On August 14, 1935, President Roosevelt signed into law the Social Security Act. His ideals recorded by the press were, “Today, a hope of many years standing is in large part fulfilled…We have tried to frame a law which will give some measure of protection to the average citizen and to his family against the loss of a job and against poverty-ridden old age.”
Due to the time and the horrific financial climate, SSA began much broader than what we know it to be today. It began as a National unemployment compensation program. Due to an improved economy and the population growth, the SSA benefits have diminished somewhat in the past 80 years. Many elderly citizens and even younger generations believed SSA was their retirement or unemployment safety net.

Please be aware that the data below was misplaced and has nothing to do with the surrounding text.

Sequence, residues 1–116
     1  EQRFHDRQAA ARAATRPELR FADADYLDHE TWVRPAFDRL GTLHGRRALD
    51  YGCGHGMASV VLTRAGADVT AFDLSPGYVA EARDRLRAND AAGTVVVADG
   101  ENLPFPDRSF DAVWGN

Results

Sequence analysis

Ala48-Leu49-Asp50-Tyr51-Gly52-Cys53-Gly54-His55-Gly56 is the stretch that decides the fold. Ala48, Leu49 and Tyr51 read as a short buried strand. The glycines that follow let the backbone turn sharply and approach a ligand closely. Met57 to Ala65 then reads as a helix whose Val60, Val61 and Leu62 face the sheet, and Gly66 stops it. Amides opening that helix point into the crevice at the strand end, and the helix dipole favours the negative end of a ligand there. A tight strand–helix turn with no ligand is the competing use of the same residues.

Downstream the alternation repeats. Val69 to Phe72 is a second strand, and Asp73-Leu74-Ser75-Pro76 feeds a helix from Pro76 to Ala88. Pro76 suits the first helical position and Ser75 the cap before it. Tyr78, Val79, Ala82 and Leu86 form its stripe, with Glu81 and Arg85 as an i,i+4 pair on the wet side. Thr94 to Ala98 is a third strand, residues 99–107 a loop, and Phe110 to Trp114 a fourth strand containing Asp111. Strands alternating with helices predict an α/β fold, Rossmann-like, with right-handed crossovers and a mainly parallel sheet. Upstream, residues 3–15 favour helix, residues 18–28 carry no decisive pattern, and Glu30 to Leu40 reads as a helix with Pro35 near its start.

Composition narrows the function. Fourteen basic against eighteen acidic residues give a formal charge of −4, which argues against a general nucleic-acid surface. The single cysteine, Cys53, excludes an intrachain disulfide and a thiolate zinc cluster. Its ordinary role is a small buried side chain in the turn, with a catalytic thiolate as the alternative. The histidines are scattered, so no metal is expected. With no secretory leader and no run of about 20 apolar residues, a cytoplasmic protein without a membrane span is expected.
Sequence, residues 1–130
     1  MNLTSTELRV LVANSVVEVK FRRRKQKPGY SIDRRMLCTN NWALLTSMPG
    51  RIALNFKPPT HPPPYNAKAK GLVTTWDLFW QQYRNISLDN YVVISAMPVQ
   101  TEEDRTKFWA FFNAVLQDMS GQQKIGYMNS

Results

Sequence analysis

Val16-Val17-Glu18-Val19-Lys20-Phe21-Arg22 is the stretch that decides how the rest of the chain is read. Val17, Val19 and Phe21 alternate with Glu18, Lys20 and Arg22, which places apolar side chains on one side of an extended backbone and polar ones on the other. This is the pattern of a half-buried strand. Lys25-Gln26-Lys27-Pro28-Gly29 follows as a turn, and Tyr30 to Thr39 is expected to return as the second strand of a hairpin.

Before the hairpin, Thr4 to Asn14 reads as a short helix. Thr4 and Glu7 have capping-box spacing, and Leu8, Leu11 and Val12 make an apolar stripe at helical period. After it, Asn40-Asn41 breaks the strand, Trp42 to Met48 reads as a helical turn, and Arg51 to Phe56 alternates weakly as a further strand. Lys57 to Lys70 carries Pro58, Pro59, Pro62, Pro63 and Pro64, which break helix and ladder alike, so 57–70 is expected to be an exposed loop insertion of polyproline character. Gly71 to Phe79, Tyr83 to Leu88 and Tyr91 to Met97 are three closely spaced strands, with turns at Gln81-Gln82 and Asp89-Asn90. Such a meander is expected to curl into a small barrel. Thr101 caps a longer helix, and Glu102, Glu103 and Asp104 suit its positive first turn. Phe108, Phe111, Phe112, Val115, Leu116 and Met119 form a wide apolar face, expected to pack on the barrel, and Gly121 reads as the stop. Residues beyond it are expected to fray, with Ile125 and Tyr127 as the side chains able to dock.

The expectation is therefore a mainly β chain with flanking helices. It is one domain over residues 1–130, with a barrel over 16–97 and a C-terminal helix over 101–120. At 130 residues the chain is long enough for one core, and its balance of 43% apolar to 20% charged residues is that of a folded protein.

While there are still programs to assist unemployed workers, they are limited to only those whose disabilities prevent them from maintaining work. And the SSA retirement is usually not enough to provide for comfortable old age living. So the original vision has changed somewhat, but SSA is alive and kicking despite repeated rumors that it would soon be insolvent. The changes have been necessary to keep it afloat for those Americans who depend on the programs to supplement or even provide all of their income and health care needs.